Dark Balsamic, Soy and Honey Glazed Grilled Northwest Salmon
This unusual salmon marinade makes for an exceptionally moist and delicious final product. Two guests remarked tonight that it's the best salmon they've ever had. You might not normally be tempted to try these ingredients together, but if you're looking for a change from ordinary grilled salmon... which is certainly delicious on its own... give this one a try and you may be pleasantly surprised. I highly recommend you use fresh, wild king salmon if you can get it."GREAT recipe! At my house, I do not prepare any foods with sugar, white flours, white rice, white taters, you get the gist. So when I made this, I substituted the 2T brown sugar for an equal amount of sugar-free pancake syrup and the 1T of honey for 2T of my homemade, sugar-free apple butter. Other than that, your recipe directions were followed precisely and the dish was a HUGE hit! thanks for sharing! :)" - theMilkmaid
Yield: 4 Servings Ready in 1 hours, 30 minutes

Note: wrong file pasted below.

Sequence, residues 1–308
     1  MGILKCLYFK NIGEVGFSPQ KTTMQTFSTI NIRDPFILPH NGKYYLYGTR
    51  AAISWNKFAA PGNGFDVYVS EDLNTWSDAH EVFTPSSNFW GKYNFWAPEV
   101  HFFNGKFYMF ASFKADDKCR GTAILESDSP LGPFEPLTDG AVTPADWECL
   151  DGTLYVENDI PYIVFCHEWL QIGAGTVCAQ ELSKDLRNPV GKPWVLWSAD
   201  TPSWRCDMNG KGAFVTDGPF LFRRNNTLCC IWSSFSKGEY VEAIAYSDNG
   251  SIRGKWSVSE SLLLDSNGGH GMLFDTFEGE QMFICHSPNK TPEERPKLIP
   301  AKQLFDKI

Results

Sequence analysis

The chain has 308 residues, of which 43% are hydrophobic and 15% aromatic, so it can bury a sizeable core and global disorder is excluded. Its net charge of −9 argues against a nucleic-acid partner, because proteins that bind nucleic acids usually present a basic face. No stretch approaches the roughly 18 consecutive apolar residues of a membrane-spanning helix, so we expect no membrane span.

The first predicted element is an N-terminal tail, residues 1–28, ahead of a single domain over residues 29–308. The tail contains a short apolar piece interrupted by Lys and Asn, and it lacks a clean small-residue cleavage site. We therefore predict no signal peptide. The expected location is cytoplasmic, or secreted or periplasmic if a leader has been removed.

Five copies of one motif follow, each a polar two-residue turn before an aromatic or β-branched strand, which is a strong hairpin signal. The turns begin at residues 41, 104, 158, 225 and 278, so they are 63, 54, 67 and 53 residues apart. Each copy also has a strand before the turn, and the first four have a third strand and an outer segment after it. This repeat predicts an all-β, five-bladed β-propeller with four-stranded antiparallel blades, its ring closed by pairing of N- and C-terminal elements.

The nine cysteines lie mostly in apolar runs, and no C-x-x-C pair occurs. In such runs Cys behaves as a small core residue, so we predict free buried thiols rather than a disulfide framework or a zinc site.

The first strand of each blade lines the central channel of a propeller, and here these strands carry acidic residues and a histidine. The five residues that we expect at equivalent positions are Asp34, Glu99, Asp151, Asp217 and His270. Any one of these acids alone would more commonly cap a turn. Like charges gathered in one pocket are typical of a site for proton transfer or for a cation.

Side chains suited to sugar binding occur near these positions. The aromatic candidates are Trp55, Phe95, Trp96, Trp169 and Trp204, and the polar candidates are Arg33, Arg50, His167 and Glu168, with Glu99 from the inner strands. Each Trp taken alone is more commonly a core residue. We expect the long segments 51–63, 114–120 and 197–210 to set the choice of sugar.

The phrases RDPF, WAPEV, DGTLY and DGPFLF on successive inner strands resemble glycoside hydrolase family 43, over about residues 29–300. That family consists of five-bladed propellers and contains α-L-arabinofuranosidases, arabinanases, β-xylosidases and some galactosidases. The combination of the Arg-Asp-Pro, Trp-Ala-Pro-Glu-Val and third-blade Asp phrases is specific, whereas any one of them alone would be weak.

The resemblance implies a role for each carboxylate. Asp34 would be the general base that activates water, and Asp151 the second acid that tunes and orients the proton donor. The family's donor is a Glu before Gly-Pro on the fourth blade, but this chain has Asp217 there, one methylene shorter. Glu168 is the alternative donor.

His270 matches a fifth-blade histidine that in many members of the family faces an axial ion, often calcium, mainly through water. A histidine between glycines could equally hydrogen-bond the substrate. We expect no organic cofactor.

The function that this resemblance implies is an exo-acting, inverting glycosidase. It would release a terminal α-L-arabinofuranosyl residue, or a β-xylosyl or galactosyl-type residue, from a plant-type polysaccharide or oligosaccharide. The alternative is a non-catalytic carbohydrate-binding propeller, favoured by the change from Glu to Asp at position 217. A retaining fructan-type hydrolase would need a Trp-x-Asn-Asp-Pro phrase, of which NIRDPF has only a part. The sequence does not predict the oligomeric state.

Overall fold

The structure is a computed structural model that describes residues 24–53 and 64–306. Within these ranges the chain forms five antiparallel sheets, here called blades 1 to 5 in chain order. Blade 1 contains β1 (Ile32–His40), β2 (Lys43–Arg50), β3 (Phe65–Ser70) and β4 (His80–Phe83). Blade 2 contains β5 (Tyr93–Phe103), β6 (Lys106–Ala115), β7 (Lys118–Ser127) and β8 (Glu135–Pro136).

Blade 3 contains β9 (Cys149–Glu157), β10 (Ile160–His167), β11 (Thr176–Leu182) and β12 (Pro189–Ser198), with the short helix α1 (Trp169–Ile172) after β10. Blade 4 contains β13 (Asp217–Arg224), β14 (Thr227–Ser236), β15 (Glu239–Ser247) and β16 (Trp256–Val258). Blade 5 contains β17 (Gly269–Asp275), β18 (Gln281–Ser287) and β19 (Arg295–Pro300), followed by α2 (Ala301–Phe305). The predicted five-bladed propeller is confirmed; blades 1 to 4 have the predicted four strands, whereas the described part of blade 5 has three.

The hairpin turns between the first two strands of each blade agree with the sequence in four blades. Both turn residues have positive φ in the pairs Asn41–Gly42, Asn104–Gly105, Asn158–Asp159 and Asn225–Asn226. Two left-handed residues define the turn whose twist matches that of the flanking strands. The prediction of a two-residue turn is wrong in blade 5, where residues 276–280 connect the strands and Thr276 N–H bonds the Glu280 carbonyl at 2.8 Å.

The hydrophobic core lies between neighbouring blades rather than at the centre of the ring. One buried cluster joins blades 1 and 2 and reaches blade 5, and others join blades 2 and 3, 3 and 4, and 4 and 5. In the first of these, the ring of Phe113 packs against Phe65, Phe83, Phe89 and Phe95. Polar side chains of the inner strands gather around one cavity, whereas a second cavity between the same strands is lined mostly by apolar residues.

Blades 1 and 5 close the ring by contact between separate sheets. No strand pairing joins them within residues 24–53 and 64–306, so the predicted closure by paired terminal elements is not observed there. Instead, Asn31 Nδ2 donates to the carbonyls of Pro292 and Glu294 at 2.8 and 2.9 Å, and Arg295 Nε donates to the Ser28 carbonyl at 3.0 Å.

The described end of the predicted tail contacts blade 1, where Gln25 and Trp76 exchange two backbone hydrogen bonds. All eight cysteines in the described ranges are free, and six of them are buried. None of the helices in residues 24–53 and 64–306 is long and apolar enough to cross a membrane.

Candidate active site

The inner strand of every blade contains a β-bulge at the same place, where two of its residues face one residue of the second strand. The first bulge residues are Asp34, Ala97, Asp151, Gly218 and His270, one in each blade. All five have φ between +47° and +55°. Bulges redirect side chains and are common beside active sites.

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Dark Balsamic, Soy and Honey Glazed Grilled Northwest Salmon Preparation
Wash and prepare salmon.
I strongly recommend fresh King salmon, if you can get it, for this dish. Whisk vegetable oil, brown sugar, balsamic vinegar, honey and soy sauce until mixed well (emulsified).
Carefully place the salmon in a large airtight recloseable (ziploc) bag. Add marinade. Marinate in fridge for 1-3 hours (do not overmarinate... you still want to primarily taste the salmon).
Prepare grill to medium-high heat.
Turn down heat to medium-low.
Grill salmon, skin side down, COVERED for about 7-9 minutes until you can see moist flakes (see photo). Your cook time will vary greatly with the thickness of the salmon and the heat of the grill. Use a fork if you need to to check for doneness. When the salmon flakes at the thickest part, but is still moist, take salmon off grill.
Tip: Leave the skin ON the grill if it's adhered (which it probably has), you'll generally be able to get the salmon off, whole, without it breaking if you don't try to get the skin off. Fortunately, you really don't want to eat it anyway; let it burn off for a bit and scrape it off.
You may have success removing the thinner pieces of the salmon progressively (so they don't overcook) and serving the thicker pieces last.
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